Despite a brief slump during the coronavirus crisis, Poland’s food exports are recovering and the pandemic has not hit them as hard as previously feared. In particular, packaged foods – with longer consumption dates – have proven less susceptible to the crisis.
Poland has become a global leader in processed agricultural products, many of which continue to appear on the shelves of shops around the world – although often with branding and ingredients not familiar to Polish domestic consumers.
Poland is, for example, second globally in the production of concentrated apple juice, and third when it comes to concentrated soft fruit juices as a whole and to frozen fruit.
The market leader is Wadowice-based Maspex, which owns the Tymbark, Caprio and Kubuś drink brands. It exports over 600 products to more than 60 countries around the world.
Many of the firm’s juices are available abroad under different names or with different flavours – including aloe and dragon fruit – to those on Polish shelves, reports Business Insider.
“Due to differences in language and cultural differences, well-known Polish brands have their foreign equivalents, which have a different name,” says Dorota Liszka, corporate communications manager of the Maspex Group.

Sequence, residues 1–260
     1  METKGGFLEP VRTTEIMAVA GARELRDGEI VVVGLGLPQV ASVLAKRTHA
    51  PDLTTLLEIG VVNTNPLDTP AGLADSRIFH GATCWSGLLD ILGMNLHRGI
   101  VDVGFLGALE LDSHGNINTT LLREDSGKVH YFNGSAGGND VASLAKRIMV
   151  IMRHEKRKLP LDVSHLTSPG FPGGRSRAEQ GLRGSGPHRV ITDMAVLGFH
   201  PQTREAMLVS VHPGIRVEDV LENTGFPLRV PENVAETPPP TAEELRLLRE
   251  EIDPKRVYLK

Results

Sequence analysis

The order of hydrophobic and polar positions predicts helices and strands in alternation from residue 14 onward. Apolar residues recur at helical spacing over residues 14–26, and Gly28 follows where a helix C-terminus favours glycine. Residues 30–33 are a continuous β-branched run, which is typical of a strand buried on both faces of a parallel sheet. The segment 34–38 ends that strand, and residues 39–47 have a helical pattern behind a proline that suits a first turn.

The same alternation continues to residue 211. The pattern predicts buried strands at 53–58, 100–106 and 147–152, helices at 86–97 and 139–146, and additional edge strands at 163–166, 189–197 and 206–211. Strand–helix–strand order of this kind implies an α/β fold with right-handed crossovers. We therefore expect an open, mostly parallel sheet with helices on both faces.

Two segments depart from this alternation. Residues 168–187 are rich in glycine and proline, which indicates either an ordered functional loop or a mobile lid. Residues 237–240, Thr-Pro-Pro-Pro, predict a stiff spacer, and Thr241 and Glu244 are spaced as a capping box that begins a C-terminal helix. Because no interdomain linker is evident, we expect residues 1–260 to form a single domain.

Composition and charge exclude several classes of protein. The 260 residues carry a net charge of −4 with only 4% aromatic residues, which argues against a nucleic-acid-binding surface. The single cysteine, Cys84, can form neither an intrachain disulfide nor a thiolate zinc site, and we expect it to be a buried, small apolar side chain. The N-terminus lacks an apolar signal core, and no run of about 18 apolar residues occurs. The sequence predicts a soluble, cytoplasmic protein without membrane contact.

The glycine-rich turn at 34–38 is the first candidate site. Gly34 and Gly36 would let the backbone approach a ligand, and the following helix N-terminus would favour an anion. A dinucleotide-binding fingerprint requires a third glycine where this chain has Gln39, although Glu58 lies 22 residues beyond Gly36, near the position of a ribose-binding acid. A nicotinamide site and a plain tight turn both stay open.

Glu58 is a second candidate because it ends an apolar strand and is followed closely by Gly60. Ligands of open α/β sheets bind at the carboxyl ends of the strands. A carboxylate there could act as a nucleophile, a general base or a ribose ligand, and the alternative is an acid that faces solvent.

Kubuś, for example, is marketed as Kubu, Kubik or Tedi. Tymbark products can be found in Hungary under the name Topjoy, and in Bulgaria as Queen’s.
Poland’s confectionery sector is also strong. According to Newsweek Polska, Poland is among the top ten largest confectionery producers in the EU.
Particularly strong is the Wedel brand, founded by a German confectioner in 1851 in Warsaw, where it is still headquartered, but now owned by a South Korean-Japanese conglomerate.
Wedel exports its Ptasie Mleczko (literally “bird’s milk”) sweets and chocolate bars to almost 60 countries around the world, including Australia, the UAE, the Philippines and Mexico.
Another Polish confectioner established in the 19th century, Wawel, exports its products to 50 countries on five continents, including Iraq, Iran, South Africa and Uruguay. Its cream fudges (krówki) have been especially popular.
“Our observations show that consumers from Arab countries have a particular weakness for [krówki], and this product has the appropriate halal certificate”, Robert Okoński, sales director at Wawel SA, told Business Insider.
At Łódź-based Unitop, around three quarters of annual turnover comes from exports, the vast majority of which go outside Europe. In the Middle East – where the firm makes 35% of all its sales – its sesame seed sweets are particularly popular, reports Business Insider.
Other Polish confectionery companies are also planning to expand to global markets.
“The Middle and Far East and the African market are promising,” Robert Rudnicki of the Pszczółka sweet factory explained to Newsweek.
“Every year, the value of exports of Polish sweets is growing. For several years, sweets have been ranked first in the export of Polish, highly processed agri-food products. We have excellent products and great technologies.”
Julita Sipa from Brześć, another confectioner, told Portal Spożywczy that, though confectionery exports have declined, the industry is less exposed to losses as a result of the pandemic than unprocessed products.